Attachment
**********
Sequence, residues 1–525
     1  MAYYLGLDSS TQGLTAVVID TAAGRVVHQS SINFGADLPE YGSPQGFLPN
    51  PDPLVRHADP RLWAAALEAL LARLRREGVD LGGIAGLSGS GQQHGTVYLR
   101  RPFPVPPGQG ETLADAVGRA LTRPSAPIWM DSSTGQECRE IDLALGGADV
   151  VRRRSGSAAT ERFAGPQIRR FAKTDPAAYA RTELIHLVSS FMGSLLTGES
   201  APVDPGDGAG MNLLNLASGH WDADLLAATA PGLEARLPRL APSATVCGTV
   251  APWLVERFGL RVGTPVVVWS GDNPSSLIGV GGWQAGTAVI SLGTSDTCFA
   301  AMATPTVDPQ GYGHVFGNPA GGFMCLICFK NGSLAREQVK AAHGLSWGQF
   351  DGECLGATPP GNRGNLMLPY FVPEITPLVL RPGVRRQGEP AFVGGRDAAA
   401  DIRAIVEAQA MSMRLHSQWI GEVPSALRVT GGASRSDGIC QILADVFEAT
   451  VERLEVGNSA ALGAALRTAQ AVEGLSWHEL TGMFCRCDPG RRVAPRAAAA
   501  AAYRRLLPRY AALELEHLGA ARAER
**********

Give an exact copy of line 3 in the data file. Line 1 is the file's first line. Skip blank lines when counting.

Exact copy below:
    51  PDPLVRHADP RLWAAALEAL LARLRREGVD LGGIAGLSGS GQQHGTVYLR